Moscow is moving in this direction not just on account of its geopolitical priorities and economic and military opportunities. Another reason is what was mentioned by Al-Hayat’s reporter in Moscow Raed Jabr, who quoted political analysts as saying Russia is seeking to have a major role in resolved regional crises led by Syria. Another reason is “rearranging Russian agendas in the region, and opening new horizons to preempt a possible loss in Syria, as well as responding to new realities following the nuclear deal with Tehran.”
Political realism has thus made its way to many capitals, based on loss and benefit accounts. What matters is for the indifference not to continue and destroy more Arab countries, after Syria, Libya, Yemen, and Iraq. Only this way can good faith be proven in this new realpolitik.
This article was first published in al-Hayat on August 21, 2015 and translated by Karim Traboulsi.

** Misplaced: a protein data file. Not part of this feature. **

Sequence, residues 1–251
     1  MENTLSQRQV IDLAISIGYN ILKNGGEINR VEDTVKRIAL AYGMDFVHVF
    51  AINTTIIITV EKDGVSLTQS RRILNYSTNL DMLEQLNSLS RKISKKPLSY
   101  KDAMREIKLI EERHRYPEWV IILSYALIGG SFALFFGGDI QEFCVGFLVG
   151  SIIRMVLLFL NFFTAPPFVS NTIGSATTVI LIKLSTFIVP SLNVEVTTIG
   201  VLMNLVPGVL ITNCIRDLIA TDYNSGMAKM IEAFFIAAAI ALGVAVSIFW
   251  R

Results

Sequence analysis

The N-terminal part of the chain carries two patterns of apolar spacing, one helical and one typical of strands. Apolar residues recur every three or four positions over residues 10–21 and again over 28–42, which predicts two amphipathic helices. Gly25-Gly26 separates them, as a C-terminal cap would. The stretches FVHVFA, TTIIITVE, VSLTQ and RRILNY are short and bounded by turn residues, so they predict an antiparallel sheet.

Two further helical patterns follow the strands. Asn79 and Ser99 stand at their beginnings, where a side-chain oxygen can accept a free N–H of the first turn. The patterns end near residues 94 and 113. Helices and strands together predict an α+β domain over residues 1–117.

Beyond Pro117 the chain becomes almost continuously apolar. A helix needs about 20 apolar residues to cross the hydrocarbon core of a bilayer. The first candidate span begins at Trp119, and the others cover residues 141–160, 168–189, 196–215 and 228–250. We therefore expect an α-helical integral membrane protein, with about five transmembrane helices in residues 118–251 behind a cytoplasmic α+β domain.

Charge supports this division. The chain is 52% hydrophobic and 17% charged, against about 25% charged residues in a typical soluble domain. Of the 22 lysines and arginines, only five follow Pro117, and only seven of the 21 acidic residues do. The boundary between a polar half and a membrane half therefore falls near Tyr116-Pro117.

Raghida Dergham is Columnist and Senior Diplomatic Correspondent for the London-based Al Hayat, the leading independent Arabic daily, since 1989. She writes a regular weekly strategic column on International Political Affairs. Dergham is also a Political Analyst for NBC, MSNBC and the Arab satellite LBC. She is a Contributing Editor for LA Times Syndicate Global Viewpoint and has contributed to: The New York Times, The Washington Post, The International Herald Tribune and Newsweek Magazine. She serves on the Board of the International Women's Media Foundation, and has served on the Advisory Council of Princeton University's Institute for Transregional Studies of the contemporary Middle East, North Africa and Central Asia. She was also a member of the Women's Foreign Policy Group. She addressed U.N. General Assembly on the World Press Freedom Day when President of The United Nations Correspondents Association for 1997 and was appointed to the Task Force on the Reorientation of Public Information by U.N. Secretary General Kofi Annan. She moderated a roundtable of 8 Presidents and Prime Ministers for UNCTAD at Bangkok in 1991. Dergham served as Chairman of the Dag Hammarskjold Fund Board in 2005. She tweets @RaghidaDergham.